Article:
7. Why should the cultural mosaic and melting pot theses for Canada and the United States, respectively, be accepted with caution?
With respect to the US, the authors point out that a combination of government policy and court decisions has steered the country away from the melting pot and towards the cultural mosaic society. Furthermore, other studies show that the differences between Canada and the US are more apparent than real. In these views, there is almost no empirical basis for Canadians’ belief that they are less assimilationist than Americans. (pp. 62–74)
8. In what ways are Canadians both more demanding of the state and more passive towards it than Americans?
Canadians are more demanding. For instance, Canadian governments do more to redistribute wealth than do US governments. In Canada, the state accounts for a larger share of Gross National Expenditure than does the state in the US. On the passivity question, it has historically been argued that Canada is a deferential society, willing to accept, more or less without question, the decisions of authority. In recent years, that thesis has been called into question. The public reaction to the Mulroney government’s constitutional accords reflects a society that is anything but deferential! Neil Nevitte argues further that levels of confidence in government have declined since the 1980s. And Brooks and Ménard argue that evidence gleaned from certain types of political behaviour suggests that Canadians and Americans are not much different on the deference question. (pp. 62–74)
9. Explain the arguments made by Newman and Nevitte regarding their perceptions that Canada has shifted from deference to defiance.
Newman argues that Canadians have moved from deference to defiance. Indicators include the growth of the underground cash economy, the breakdown of the old two-party dominance, the rejection of the Charlottetown Constitutional Accord, the violent clashes between Aboriginals and white authorities at Oka, and the near-victory of the secessionist forces in Quebec. The causes include the arrogance of politicians, the more competitive global economy, the inability of governments to finance social entitlements, and the decline of religious faith. Nevitte agrees with Newman. He attributes the decline of deference to the emergence of postmaterialist values. Materialists, he notes, are more likely to have confidence in public institutions and to trust the judgment of elites. Nevitte shows that Canadians’ confidence in government declined during the 1980s and Canadians are increasingly skeptical of government institutions. (pp. 68–70)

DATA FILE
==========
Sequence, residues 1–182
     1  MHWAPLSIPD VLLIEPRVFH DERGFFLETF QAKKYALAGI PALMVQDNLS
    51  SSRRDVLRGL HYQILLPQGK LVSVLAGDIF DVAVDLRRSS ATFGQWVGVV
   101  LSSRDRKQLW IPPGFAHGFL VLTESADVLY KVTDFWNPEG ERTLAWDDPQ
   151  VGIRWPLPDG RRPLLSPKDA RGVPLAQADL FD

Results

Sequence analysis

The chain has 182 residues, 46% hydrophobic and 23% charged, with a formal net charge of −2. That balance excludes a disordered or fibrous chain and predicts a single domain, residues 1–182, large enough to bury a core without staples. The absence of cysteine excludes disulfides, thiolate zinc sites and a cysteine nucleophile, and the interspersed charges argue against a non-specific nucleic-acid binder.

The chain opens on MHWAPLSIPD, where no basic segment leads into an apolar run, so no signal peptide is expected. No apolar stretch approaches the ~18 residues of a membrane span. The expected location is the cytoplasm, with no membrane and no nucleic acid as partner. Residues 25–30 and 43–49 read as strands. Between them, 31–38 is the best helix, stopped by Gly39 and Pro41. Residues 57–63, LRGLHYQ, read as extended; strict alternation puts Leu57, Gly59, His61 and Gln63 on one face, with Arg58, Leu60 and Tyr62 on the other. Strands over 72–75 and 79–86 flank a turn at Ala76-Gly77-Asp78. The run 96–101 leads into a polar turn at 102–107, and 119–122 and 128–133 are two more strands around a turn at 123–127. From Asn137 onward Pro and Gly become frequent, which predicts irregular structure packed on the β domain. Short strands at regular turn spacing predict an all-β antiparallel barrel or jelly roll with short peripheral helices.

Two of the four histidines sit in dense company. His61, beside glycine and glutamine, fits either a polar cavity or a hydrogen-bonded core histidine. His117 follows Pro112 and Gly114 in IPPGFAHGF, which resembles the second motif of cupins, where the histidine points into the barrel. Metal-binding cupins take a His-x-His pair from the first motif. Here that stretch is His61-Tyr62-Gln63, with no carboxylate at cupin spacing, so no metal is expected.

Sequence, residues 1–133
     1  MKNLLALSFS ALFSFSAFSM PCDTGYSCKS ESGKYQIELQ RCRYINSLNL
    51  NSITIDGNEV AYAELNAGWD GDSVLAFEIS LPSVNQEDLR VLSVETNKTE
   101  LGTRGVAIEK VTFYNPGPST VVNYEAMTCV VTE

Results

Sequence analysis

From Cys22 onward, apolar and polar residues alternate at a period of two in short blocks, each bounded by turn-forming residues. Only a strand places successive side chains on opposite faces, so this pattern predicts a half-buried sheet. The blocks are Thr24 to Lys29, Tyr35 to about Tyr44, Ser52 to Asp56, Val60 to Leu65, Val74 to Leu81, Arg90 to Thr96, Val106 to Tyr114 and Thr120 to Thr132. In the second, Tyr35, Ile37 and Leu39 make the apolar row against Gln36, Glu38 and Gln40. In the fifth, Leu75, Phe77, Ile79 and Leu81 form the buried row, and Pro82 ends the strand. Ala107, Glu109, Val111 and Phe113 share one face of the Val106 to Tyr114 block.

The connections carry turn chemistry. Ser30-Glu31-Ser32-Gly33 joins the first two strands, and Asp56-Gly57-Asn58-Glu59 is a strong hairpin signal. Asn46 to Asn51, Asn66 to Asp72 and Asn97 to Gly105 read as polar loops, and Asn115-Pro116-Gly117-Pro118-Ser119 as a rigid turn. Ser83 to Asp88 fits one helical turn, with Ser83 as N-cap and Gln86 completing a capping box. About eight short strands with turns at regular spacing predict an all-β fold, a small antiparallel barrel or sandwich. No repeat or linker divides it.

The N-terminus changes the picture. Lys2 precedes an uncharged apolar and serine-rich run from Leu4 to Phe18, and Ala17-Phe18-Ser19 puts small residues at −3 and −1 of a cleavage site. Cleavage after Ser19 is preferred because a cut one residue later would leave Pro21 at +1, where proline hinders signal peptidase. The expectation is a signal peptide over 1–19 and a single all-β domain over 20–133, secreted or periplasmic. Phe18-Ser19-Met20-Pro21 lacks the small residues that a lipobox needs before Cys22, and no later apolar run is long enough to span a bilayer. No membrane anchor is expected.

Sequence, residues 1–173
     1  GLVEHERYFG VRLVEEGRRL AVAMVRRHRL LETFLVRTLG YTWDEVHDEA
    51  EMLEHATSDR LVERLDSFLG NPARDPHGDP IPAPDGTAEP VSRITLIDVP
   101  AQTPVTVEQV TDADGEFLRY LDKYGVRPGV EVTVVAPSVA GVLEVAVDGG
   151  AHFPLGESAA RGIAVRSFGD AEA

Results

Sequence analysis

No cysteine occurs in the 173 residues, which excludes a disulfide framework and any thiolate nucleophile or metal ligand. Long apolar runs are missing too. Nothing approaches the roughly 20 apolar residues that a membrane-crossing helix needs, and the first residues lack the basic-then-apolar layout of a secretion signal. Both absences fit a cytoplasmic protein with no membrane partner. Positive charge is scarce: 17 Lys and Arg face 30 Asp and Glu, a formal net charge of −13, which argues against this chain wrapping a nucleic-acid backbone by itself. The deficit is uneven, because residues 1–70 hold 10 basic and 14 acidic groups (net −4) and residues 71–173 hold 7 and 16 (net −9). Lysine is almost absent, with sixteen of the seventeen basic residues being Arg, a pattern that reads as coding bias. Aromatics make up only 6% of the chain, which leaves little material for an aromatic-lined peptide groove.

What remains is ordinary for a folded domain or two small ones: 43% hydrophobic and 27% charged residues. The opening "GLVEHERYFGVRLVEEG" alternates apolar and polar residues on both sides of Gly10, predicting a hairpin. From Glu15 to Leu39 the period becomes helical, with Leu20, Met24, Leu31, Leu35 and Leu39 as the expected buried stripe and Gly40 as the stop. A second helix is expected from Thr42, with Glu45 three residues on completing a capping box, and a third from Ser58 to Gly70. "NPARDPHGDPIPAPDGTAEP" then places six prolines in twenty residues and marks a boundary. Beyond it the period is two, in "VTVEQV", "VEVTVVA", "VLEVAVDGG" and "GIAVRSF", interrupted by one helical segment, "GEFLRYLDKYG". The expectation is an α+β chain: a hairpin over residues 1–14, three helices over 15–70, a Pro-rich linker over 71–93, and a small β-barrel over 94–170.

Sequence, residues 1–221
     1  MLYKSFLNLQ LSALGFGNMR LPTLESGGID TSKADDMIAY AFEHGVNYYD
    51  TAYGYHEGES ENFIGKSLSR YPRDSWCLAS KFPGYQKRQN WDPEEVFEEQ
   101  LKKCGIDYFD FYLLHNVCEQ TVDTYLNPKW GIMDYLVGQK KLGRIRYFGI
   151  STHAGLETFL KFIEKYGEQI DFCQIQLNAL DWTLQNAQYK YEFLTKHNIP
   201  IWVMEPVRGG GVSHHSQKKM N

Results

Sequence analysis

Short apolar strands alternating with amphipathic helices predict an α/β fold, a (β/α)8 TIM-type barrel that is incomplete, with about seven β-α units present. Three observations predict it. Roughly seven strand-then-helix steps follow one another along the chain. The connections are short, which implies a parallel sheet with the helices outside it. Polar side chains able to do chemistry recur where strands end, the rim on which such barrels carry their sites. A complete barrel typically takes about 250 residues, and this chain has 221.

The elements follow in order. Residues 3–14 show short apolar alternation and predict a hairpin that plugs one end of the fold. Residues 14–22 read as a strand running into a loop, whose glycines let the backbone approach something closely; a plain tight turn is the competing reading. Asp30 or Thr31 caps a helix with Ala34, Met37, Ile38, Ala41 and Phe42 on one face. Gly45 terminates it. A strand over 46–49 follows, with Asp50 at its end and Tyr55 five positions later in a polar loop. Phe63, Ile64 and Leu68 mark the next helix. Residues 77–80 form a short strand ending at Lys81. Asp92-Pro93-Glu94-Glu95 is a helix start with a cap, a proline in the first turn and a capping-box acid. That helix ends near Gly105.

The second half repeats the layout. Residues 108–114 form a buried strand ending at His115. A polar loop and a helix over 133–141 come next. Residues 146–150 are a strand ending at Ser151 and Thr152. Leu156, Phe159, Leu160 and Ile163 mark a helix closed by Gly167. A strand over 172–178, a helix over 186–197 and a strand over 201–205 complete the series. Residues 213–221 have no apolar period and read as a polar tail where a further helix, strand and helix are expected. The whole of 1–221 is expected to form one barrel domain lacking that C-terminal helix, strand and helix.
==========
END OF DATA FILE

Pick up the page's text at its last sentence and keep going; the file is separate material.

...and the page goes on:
10. What conclusion do Brooks and Ménard make about how the value differences between Canada and the United States are not very great, yet neither are they inconsequential?
Brooks and Ménard conclude that the value differences between Canada and the US are small, especially when compared to the differences between Canada and most other Western democracies. In addition, Canadians and Americans are becoming more similar in respect to some values but more different in others. (pp. 71–74)
Study Questions: Chapter 3
1. Why are Canadian unemployment rates generally higher than unemployment rates in the United States?
The explanation that Brooks and Ménard say is usually offered by Canadians is that the lower ate has been “bought” with lower wages and greater income inequality. The authors have doubts about the lower wages argument. (pp. 79–80)
2. What is the dominant liberal ideology in Canada?
According to Brooks and Ménard, the essential elements of the dominant liberal ideology in Canada are individualism and a belief that opportunities to get ahead in life are open to those with the energy and talent needed to take advantage of them. (p. 82)